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The Iraqi Elections Were Not an Unqualified Win for Iran

Iraq held its national elections on Saturday, and some observers, based on the preliminary results, see the success of Shiite parties with ties to Tehran as a sign of the Islamic Republic’s ever-growing influence in the country. But Michael Rubin urges against jumping to conclusions:

Prime Minister Haider al-Abadi, [who has been wary of Iranian interference], fared more poorly than expected, behind Hadi al-Ameri’s Fatih coalition, [which has ties to Iran but has also cooperated with the Americans], and the surprise winner, the Iraqi populist [Shiite cleric] Muqtada al-Sadr. Also doing surprisingly well, albeit farther down the list, is Asa’ib Ahl al-Haq, an Iranian-backed offshoot responsible for the murder of U.S. servicemen inside Iraq. . . .

[But] Iraq’s elections are not winner-take-all. Many figures run separately but come together in the post-election shuffle to form a coalition. . . . Sadr has accepted Iranian patronage before, but he is almost as mercurial toward the Iranians as he is toward the Americans. Neither Sadr’s success nor Ameri’s necessarily translates into an Iranian ability to dictate to Iraq. [Furthermore], the former prime minister Nouri al-Maliki’s poor showing undercuts the narrative that Iran is the victor. . . .

Abadi remains personally popular enough to have a chance at winning a new term. He presided over the defeat of Islamic State and implemented some important reforms. Oil is on the upswing and, alongside it, Iraq’s economy. Baghdad is booming and, according to United Nations’ statistics, terrorist incidents have plummeted. If Abadi can’t patch together a new government, a compromise candidate may emerge. Any successful compromise candidate would likely need to appeal to both those factions with a more sympathetic outlook to Iran and those who seek a more Western model. In other words, a new prime minister, like Abadi and those before him, will likely have to be someone who can compromise and guide Iraq through the minefield of regional and great-power diplomacy and interests. . . .

[Finally], it is important to . . . celebrate the fact that Iraq may now have its fifth successful transfer of power—in a region where many other leaders aspire to rule for life and will kill those who seek a vote to end that rule. That’s good for Iraq, good for the broader region, good for the United States, and a notable juxtaposition to the dictatorship suffered by Iranians.

Read more at Washington Examiner

More about: Arab democracy, Iran, Iraq, Politics & Current Affairs, U.S. Foreign policy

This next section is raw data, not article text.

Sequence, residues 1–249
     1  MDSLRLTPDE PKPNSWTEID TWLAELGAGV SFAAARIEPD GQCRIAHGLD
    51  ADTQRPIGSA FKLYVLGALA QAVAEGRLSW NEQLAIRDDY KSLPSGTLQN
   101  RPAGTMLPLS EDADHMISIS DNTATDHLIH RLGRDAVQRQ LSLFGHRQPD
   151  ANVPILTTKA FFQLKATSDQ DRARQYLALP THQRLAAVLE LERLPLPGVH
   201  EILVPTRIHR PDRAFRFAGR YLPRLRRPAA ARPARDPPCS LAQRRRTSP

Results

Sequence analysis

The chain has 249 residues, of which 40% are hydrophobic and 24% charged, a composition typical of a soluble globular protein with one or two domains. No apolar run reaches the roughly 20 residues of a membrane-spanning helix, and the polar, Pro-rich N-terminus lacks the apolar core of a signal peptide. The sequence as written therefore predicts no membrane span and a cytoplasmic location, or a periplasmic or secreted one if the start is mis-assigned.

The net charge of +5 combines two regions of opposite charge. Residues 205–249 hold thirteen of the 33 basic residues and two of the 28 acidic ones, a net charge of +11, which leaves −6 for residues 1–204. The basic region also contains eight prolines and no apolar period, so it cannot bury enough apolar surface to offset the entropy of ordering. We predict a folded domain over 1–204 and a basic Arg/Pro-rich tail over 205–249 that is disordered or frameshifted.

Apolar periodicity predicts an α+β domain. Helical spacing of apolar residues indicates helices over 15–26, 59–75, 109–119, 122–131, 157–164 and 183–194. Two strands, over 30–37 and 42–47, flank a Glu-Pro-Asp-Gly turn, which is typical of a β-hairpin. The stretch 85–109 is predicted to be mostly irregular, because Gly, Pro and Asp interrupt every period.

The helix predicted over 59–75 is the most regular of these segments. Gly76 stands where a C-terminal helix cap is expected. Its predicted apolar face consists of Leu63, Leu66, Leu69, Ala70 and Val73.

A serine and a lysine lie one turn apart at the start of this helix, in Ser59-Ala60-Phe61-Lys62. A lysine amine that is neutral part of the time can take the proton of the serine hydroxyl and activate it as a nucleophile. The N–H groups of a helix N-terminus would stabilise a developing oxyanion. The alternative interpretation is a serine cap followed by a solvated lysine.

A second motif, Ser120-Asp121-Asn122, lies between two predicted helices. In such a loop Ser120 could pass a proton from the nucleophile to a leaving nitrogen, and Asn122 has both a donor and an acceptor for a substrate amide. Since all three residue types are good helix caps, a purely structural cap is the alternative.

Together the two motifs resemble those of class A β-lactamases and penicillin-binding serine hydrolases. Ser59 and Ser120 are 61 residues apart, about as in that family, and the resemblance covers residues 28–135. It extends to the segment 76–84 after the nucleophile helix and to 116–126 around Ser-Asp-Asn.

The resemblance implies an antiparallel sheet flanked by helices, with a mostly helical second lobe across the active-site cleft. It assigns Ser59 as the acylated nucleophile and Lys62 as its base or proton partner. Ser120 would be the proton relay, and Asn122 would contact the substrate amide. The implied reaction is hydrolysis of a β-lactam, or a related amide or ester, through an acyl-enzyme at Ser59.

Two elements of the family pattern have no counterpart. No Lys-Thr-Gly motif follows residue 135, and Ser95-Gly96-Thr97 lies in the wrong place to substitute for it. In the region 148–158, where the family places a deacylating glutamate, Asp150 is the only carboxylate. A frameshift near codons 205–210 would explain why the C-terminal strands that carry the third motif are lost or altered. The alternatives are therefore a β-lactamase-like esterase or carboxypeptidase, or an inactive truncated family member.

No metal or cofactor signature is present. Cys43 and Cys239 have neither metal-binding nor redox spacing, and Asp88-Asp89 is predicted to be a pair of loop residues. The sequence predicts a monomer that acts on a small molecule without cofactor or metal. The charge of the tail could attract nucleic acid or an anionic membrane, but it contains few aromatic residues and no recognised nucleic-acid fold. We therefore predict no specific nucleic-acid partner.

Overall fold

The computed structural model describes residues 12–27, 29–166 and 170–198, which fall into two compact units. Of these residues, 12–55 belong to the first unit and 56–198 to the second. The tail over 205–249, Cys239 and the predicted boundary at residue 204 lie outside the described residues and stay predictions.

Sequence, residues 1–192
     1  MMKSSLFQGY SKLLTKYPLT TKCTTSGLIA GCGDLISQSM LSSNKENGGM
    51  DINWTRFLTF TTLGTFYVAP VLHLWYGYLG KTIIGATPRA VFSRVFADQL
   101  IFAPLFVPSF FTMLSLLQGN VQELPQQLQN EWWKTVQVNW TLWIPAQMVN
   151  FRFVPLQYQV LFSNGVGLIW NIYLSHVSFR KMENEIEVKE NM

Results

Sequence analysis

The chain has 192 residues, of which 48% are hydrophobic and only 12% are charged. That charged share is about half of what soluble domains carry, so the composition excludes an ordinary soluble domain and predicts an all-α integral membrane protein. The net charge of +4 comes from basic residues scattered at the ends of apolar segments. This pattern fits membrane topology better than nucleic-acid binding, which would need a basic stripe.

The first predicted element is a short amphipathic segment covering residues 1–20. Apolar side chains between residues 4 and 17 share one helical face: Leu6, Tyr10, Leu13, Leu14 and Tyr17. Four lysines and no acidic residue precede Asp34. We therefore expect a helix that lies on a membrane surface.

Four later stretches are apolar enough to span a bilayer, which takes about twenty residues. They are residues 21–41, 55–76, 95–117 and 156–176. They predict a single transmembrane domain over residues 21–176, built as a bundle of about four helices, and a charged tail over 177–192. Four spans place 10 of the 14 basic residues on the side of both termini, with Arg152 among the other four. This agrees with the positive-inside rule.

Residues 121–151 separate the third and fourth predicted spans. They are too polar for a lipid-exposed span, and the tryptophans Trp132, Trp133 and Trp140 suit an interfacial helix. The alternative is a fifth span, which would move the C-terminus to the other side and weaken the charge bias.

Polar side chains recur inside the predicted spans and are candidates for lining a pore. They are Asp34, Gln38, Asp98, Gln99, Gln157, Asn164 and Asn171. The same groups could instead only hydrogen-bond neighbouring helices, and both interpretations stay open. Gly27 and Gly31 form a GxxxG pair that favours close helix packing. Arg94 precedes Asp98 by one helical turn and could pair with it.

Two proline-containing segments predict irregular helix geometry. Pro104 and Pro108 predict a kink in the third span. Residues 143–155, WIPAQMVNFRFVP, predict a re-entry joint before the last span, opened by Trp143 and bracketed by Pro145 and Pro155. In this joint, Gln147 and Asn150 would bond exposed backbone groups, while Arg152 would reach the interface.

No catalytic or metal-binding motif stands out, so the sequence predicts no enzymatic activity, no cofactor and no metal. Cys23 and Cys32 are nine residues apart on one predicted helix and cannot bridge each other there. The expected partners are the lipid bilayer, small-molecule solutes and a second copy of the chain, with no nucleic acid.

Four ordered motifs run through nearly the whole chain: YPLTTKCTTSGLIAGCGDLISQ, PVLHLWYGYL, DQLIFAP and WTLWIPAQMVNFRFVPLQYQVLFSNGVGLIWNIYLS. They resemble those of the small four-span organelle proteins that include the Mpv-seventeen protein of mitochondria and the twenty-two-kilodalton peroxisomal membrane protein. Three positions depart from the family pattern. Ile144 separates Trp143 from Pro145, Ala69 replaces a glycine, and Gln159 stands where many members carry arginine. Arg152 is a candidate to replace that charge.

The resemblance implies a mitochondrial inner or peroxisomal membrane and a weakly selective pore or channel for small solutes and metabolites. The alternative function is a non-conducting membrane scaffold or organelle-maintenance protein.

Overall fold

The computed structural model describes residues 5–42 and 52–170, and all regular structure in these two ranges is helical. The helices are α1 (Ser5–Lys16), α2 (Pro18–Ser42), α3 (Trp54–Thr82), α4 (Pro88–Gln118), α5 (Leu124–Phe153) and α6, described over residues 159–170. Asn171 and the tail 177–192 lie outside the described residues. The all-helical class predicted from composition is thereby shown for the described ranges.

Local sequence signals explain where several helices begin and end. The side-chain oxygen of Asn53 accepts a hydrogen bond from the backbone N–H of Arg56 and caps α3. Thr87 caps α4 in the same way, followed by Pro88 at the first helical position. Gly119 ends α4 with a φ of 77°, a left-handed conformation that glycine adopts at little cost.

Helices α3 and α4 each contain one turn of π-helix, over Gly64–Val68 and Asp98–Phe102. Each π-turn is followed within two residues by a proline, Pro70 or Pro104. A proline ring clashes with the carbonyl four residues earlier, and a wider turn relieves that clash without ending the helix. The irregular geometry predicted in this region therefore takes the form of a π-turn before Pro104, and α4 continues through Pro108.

How the U.S. Can Strike at Iran without Risking War

In his testimony before Congress on Tuesday, Michael Doran urged the U.S. to pursue a policy of rolling back Iranian influence in the Middle East, and explained how this can be accomplished. (Video of the testimony, along with the full text, are available at the link below.)

The United States . . . has indirect ways of striking at Iran—ways that do not risk drawing the United States into a quagmire. The easiest of these is to support allies who are already in the fight. . . . In contrast to the United States, Israel is already engaged in military operations whose stated goal is to drive Iran from Syria. We should therefore ask ourselves what actions we might take to strengthen Israel’s hand. Militarily, these might include, on the passive end of the spectrum, positioning our forces so as to deter Russian counterattacks against Israel. On the [more active] end, they might include arming and training Syrian forces to engage in operations against Iran and its proxies—much as we armed the mujahedin in Afghanistan in the 1980s.

Diplomatically, the United States might associate itself much more directly with the red lines that Israel has announced regarding the Iranian presence in Syria. Israel has, for example, called for pushing Iran and its proxies away from its border on the Golan Heights. Who is prepared to say that Washington has done all in its power to demonstrate to Moscow that it fully supports this goal? In short, a policy of greater coordination with Jerusalem is both possible and desirable.

In Yemen, too, greater coordination with Saudi Arabia is worth pursuing. . . . In Lebanon and Iraq, conditions will not support a hard rollback policy. In these countries the goal should be to shift the policy away from a modus vivendi [with Iran] and in the direction of containment. In Iraq, the priority, of course, is the dismantling of the militia infrastructure that the Iranians have built. In Lebanon, [it should be] using sanctions to force the Lebanese banking sector to choose between doing business with Hizballah and Iran and doing business with the United States and its financial institutions. . . .

Iran will not take a coercive American policy sitting down. It will strike back—and it will do so cleverly. . . . It almost goes without saying that the United States should begin working with its allies now to develop contingency plans for countering the tactics [Tehran is likely to use]. I say “almost” because I know from experience in the White House that contingency planning is something we extol much more than we conduct. As obvious as these tactics [against us] are, they have often taken Western decision makers by surprise, and they have proved effective in wearing down Western resolve.

Read more at Hudson

More about: Iran, Israeli Security, Lebanon, Saudi Arabia, Syria, U.S. Foreign policy, Yemen